There are more signs of a developing credit crunch in the United Kingdom.

The Bank of England has reported that credit availability for households has collapsed in its Credit Conditions Survey for the first quarter of 2018. This accelerates a downtrend seen since 2016. The chart below shows the index that the Bank of England creates based on the question, “How has the availability of unsecured credit provided to households changed over the past three months?” The deflation of credit availability has been put down to tougher lending criteria being applied by banks and other lenders, perhaps in response to default rates increasing.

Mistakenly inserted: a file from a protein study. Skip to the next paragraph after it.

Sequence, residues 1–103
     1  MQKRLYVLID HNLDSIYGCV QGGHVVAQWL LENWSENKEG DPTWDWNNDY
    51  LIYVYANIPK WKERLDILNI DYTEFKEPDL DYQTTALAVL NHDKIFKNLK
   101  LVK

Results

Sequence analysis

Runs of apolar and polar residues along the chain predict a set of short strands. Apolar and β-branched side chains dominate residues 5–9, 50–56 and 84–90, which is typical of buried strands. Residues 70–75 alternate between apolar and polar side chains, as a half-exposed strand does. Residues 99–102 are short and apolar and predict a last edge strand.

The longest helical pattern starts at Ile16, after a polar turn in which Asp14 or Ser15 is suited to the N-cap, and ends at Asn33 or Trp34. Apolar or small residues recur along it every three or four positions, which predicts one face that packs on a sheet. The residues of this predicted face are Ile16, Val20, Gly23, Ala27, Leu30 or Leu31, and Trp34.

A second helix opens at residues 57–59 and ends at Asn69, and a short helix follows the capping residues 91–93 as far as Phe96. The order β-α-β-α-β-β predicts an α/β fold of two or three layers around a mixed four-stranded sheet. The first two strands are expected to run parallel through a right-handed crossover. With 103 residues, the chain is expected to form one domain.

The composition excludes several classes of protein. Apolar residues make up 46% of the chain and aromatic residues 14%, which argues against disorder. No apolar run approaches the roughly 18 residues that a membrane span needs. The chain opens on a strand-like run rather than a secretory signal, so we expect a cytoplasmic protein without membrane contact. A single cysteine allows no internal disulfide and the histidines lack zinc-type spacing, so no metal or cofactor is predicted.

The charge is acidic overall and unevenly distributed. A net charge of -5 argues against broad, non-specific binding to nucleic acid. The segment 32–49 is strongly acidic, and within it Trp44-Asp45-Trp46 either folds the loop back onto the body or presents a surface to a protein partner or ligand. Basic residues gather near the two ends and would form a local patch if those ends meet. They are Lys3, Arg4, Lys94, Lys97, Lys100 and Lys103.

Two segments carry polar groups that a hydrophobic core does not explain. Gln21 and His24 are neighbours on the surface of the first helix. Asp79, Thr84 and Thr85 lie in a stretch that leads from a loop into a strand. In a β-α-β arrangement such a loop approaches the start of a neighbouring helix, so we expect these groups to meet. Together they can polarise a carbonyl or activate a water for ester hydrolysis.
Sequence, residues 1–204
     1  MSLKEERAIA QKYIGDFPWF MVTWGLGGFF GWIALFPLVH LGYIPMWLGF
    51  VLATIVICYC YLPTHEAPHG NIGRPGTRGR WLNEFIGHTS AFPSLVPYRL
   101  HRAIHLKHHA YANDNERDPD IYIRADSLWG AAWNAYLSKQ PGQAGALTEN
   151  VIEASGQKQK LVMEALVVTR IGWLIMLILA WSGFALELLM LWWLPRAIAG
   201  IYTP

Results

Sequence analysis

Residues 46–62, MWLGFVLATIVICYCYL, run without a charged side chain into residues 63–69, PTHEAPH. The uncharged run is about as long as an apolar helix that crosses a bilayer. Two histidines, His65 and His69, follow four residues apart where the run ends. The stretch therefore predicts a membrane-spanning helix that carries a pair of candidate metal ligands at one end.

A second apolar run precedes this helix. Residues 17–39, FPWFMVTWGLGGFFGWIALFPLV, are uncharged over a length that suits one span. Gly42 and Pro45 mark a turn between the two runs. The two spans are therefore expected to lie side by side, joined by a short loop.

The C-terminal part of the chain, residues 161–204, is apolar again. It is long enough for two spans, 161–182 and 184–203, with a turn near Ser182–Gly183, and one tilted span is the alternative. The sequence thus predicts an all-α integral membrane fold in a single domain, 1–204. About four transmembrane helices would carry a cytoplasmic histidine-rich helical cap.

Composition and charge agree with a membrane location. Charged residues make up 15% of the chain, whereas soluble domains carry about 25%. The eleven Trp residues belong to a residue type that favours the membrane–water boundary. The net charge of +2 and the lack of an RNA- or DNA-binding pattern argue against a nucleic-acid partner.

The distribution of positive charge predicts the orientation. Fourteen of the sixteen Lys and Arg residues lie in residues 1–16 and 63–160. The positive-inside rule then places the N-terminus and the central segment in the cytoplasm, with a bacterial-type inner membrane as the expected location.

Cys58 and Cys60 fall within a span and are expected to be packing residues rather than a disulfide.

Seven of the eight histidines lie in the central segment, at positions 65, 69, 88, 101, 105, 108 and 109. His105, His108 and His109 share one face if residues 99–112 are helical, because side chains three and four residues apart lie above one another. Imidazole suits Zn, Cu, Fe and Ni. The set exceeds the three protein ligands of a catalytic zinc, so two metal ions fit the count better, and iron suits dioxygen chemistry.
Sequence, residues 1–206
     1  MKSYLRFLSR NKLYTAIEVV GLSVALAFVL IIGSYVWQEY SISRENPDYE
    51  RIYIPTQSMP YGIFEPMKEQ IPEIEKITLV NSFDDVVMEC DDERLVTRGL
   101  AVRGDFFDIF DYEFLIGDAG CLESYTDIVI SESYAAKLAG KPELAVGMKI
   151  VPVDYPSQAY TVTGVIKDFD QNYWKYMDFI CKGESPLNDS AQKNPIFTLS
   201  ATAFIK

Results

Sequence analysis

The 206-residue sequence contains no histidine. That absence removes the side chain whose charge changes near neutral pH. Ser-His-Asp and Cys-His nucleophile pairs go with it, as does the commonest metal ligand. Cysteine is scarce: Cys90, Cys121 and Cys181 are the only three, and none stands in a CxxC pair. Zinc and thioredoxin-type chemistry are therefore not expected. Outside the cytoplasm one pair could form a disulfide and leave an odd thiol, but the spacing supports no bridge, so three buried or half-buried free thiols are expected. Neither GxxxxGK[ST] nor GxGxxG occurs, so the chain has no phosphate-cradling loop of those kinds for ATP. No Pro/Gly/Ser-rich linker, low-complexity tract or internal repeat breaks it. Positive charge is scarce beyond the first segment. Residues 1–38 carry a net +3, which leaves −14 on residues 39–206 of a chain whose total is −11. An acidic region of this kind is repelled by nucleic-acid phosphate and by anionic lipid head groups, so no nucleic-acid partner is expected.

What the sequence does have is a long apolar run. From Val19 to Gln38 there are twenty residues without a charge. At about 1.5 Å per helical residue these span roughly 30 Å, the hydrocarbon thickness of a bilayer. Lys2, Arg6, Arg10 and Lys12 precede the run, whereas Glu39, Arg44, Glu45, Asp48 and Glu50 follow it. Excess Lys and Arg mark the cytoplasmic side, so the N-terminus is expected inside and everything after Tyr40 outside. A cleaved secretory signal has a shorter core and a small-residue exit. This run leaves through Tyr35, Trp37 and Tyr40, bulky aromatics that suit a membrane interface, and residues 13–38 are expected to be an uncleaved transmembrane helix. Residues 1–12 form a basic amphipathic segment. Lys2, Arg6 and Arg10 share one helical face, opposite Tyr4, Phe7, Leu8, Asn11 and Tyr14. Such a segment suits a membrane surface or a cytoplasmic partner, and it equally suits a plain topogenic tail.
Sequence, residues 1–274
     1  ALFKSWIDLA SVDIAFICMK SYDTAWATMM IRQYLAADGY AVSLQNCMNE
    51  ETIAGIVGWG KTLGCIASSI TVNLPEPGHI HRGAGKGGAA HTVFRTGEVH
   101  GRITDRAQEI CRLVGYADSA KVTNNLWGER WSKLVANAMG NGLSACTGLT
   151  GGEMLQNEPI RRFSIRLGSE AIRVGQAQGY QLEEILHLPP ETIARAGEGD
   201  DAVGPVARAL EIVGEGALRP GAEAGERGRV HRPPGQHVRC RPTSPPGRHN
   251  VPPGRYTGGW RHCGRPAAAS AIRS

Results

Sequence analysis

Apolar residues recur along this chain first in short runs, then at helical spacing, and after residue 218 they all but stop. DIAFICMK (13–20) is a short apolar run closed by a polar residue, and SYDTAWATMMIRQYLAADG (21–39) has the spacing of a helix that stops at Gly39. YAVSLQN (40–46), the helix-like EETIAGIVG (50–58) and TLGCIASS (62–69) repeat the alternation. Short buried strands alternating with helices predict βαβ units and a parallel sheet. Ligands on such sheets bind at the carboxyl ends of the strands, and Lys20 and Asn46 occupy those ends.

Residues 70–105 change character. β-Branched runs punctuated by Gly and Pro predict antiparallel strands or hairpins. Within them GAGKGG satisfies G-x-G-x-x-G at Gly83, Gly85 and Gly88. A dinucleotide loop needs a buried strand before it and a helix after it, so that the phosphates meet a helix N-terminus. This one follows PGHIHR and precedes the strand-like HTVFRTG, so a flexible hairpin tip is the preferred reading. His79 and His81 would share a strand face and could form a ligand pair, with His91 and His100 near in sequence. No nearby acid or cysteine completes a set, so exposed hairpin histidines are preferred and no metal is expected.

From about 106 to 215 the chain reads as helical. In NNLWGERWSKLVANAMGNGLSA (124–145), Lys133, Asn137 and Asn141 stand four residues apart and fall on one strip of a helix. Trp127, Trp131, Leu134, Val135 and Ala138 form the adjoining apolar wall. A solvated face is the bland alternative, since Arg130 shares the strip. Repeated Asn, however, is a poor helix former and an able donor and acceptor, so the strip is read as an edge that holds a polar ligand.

The UK stock market has been one of the worst performers year-to-date. This is a sign that social mood is transitioning from positive to negative, a symptom of which is tighter lending practices by financial institutions. Indeed, having recovered somewhat since a 2016 low, the relative performance of the UK banking sector is, once again, starting to deteriorate.

With businesses nervous about the UK’s imminent departure from the European Union, a murder epidemic in London and house prices falling as well, evidence is mounting that British social mood is increasingly negative. Conditions are ripe for deflation.

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